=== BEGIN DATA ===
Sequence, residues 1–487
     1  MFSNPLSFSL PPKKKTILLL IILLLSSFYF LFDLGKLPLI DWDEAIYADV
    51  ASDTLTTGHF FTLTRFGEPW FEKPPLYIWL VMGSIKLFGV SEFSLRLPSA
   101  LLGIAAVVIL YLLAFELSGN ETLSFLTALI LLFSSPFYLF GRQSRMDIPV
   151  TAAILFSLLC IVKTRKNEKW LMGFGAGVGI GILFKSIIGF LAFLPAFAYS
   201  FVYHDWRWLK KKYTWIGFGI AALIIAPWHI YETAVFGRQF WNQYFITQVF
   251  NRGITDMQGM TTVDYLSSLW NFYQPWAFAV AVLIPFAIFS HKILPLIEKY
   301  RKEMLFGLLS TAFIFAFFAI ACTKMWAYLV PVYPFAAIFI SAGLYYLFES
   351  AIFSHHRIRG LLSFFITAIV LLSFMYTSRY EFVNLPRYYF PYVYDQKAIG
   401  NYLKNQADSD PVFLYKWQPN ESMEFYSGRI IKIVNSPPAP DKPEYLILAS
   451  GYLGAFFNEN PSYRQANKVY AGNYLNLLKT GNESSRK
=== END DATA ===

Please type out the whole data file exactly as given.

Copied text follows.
Sequence, residues 1–487
     1  MFSNPLSFSL PPKKKTILLL IILLLSSFYF LFDLGKLPLI DWDEAIYADV
    51  ASDTLTTGHF FTLTRFGEPW FEKPPLYIWL VMGSIKLFGV SEFSLRLPSA
   101  LLGIAAVVIL YLLAFELSGN ETLSFLTALI LLFSSPFYLF GRQSRMDIPV
   151  TAAILFSLLC IVKTRKNEKW LMGFGAGVGI GILFKSIIGF LAFLPAFAYS
   201  FVYHDWRWLK KKYTWIGFGI AALIIAPWHI YETAVFGRQF WNQYFITQVF
   251  NRGITDMQGM TTVDYLSSLW NFYQPWAFAV AVLIPFAIFS HKILPLIEKY
   301  RKEMLFGLLS TAFIFAFFAI ACTKMWAYLV PVYPFAAIFI SAGLYYLFES
   351  AIFSHHRIRG LLSFFITAIV LLSFMYTSRY EFVNLPRYYF PYVYDQKAIG
   401  NYLKNQADSD PVFLYKWQPN ESMEFYSGRI IKIVNSPPAP DKPEYLILAS
   451  GYLGAFFNEN PSYRQANKVY AGNYLNLLKT GNESSRK